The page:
The magnificence of Lime Street Station past, present and future

Liverpool Lime St Station, August 2005 with office block, now demolished

Liverpool Lime St Station, August 2005 with office block, now demolished


 
Lime St Station is probably the best known and most used building in Liverpool. People from the suburbs and beyond take the train to Lime Street and so do those travelling from further away, such as Leeds, Manchester, Birmingham, Nottingham and London.

There are two parts to Lime Street Station, the main line terminal at ground level and the underground station on the city centre loop line.

It’s not widely acknowledged that Liverpool Lime Street is one of the oldest stations in continous use anywhere in the world. When the Liverpool and Manchester railway opened in 1830, the terminus was at Crown Street to the east of the city centre. The site is now a green area. Lime Street Station opened for passengers in 1836. The present train sheds date from 1867 and 1879.

The view from the main entrance at the front of Lime Street is one of the most magnificent in any UK city, with St Georges Hall on the right.

This is the place where I meet the people who come on my photo walks, at the top of the steps outside the main entrance.

Liverpool Lime Street front entrance and new steps

Liverpool Lime Street front entrance and new steps, meeting point for my photo walks.


 
Inside the station near the front entrance there are two statues by Tom Murphy representing Liverpool personalities, the comedian Ken Dodd and the former councillor Bessie Braddock. They were unveiled in 2009.

The north train shed is fronted by an ornate former hotel. This was the North Western Hotel, designed by Alfred Waterhouse, architect of Manchester town hall. Now this building serves as as a residence for students at John Moores University.
 
Next to the former hotel is the impressive main facade of the station. For many years, this frontage was spoilt by a row of shops that stood in front of it. In the 1960s an office block – Concourse House – was built on the corner. It was typical of the 1960s that a modern office tower could be constructed within a few feet of a precious heritage building from the 19th century. It also cast a shadow on the front of the station for much of the day.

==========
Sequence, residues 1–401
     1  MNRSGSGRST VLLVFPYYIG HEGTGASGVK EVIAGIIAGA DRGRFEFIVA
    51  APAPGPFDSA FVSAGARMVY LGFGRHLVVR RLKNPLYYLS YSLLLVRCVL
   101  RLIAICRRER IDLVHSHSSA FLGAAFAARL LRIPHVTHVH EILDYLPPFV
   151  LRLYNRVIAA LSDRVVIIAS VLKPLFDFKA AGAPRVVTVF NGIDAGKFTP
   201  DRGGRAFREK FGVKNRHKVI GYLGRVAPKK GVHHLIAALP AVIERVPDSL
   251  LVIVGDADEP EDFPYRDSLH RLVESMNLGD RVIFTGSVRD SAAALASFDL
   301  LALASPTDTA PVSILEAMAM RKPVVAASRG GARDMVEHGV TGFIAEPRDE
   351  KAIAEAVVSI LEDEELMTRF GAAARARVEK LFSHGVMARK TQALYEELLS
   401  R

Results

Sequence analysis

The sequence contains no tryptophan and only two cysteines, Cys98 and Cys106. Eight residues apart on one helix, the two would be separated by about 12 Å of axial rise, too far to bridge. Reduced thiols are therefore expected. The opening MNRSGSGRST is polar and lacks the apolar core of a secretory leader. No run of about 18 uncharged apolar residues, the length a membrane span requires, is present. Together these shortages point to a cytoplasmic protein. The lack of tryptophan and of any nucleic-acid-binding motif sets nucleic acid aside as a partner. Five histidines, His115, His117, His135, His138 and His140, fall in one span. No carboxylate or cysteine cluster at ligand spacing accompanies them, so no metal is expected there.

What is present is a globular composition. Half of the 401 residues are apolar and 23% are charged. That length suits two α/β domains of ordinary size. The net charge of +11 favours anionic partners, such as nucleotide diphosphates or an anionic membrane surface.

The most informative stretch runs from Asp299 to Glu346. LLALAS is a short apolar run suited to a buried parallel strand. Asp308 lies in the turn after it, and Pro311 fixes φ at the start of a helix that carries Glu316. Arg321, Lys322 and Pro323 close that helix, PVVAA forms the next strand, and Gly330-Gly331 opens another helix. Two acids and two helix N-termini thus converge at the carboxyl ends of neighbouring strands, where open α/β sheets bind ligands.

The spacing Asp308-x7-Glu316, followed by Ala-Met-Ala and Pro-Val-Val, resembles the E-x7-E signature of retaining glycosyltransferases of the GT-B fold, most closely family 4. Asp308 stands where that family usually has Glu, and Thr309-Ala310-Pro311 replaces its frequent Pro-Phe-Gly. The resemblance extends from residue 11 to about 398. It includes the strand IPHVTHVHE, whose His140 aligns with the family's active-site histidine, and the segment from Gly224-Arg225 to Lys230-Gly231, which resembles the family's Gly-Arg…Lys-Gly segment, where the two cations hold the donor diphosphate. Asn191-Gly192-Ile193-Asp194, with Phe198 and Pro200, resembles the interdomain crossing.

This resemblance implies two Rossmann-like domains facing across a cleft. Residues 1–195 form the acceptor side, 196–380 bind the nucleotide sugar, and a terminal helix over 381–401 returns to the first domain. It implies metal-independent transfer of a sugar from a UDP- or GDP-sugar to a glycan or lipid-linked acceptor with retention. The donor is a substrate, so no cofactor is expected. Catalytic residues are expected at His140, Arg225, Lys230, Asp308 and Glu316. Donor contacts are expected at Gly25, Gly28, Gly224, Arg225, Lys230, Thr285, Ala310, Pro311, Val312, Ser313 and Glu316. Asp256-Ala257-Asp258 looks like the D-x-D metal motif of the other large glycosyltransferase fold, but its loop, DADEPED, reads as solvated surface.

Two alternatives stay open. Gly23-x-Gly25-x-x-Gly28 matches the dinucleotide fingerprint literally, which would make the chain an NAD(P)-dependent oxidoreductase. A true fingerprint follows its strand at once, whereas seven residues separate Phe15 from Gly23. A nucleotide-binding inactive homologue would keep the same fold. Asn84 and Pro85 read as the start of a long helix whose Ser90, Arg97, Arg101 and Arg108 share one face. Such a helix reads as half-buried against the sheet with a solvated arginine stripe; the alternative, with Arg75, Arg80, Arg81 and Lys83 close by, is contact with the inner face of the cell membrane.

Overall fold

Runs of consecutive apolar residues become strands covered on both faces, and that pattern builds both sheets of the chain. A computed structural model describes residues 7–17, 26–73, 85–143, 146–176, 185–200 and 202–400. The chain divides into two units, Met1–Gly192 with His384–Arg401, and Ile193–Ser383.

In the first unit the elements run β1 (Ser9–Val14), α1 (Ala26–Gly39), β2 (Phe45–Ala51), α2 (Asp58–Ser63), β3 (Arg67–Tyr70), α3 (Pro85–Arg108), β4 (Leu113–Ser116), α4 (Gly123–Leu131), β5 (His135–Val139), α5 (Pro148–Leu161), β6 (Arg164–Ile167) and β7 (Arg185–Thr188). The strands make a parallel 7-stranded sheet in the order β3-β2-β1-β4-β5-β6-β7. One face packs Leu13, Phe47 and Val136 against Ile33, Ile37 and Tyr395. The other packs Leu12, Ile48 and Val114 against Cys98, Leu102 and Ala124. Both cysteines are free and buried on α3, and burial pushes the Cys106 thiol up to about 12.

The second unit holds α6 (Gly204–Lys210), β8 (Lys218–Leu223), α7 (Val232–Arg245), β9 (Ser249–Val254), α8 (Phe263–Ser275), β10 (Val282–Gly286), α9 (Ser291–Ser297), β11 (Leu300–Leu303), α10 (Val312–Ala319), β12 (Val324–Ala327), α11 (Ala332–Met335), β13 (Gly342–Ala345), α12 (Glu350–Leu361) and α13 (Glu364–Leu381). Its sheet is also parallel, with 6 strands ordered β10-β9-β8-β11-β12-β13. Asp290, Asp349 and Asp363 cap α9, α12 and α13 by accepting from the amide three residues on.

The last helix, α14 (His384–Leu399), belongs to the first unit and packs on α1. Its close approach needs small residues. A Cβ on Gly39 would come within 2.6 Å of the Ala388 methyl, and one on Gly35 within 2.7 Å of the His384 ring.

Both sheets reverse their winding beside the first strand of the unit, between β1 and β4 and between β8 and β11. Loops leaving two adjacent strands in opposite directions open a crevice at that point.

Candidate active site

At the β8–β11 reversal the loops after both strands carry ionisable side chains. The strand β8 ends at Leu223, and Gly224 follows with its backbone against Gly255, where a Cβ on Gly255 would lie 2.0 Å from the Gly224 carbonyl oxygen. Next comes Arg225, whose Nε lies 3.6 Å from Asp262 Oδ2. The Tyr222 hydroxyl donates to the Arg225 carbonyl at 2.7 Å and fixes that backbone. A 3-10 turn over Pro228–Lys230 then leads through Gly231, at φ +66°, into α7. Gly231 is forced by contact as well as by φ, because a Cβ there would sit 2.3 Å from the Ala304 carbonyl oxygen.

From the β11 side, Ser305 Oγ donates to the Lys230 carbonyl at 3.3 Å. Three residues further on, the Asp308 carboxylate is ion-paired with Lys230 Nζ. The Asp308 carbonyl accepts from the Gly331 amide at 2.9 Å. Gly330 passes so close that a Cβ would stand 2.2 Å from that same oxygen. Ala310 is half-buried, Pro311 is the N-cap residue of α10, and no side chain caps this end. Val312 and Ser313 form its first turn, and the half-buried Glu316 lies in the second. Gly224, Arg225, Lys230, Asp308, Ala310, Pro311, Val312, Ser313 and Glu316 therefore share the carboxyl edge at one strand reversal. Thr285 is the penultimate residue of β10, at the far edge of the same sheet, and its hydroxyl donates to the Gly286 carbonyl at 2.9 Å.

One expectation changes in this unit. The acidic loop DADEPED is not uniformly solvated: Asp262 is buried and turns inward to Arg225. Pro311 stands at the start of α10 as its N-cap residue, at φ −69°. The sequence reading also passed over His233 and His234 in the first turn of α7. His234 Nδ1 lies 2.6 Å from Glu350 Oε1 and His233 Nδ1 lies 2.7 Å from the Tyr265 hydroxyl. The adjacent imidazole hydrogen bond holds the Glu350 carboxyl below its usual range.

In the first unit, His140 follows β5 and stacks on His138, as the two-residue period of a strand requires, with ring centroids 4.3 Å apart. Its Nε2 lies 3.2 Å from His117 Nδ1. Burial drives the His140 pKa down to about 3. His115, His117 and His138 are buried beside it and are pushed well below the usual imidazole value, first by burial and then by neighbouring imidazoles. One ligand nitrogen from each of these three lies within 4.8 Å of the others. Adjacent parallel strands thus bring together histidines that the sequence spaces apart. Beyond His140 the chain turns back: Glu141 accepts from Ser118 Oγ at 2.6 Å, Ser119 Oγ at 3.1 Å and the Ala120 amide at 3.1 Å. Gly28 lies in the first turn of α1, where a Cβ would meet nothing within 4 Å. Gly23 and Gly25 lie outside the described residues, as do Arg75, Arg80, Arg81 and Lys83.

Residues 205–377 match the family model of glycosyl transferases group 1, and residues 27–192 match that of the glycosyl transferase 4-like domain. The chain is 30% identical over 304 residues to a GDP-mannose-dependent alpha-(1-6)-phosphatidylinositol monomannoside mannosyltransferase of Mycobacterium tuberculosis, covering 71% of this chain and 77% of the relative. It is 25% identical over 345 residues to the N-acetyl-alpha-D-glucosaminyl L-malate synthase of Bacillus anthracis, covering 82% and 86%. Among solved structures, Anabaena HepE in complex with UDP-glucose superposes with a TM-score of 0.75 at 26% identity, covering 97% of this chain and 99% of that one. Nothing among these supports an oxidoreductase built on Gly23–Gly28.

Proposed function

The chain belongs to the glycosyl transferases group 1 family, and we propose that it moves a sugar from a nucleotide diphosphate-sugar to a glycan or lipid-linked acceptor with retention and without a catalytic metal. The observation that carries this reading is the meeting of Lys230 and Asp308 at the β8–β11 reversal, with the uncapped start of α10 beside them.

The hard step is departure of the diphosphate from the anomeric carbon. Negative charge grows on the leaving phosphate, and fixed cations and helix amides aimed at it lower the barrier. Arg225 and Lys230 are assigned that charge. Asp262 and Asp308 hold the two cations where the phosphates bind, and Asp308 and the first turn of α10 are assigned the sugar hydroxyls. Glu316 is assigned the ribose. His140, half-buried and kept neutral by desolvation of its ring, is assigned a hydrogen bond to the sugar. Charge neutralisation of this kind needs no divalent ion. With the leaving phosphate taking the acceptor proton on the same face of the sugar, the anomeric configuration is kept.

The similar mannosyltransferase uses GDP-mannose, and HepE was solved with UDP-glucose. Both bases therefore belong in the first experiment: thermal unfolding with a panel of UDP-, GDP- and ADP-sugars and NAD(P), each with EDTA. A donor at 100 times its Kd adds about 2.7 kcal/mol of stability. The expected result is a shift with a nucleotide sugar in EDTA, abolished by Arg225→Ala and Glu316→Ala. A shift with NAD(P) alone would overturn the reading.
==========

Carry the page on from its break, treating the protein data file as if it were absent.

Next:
Liverpool Lime Street Station at night

Liverpool Lime Street Station at night with floodlighting.


 

In the 2000s, the building was demolished, along with the row of shops and a new area at the front was created with steps and ramps. It is magnificent and allows us to admire the magnificence of the architecture. It looks particularly good at night, when floodlighting is switched on.

Whilst the exterior has been beautifully renovated, the interior has remained less attractive, but in 2016 a new renovation is set to go ahead. The station will be closed for a period during the works.

I look forward to seeing the newly renovated Lime Street Station and to continuing to arrive and depart from one of the oldest and most magnificent railway termini in the world.

Virgin Train to London at Liverpool Lime St 30 Oct 2003

Virgin Train to London at Liverpool Lime St Station Platform 8, 30 Oct 2003


 

Virgin Train to London at Liverpool Lime St 27 Apr 2009

Virgin Train to London at Liverpool Lime St Station, Platform 8, 27 Apr 2009

Manchester’s Oxford Road – chaotic but fascinating

Eyewitness 2015 photos and editorial published in the Manchester Evening News

Oxford Manchester 3 July 2015

Oxford Road begins at the River Medlock under the rail bridge and extends to Moss Lane East by the Curry Mile.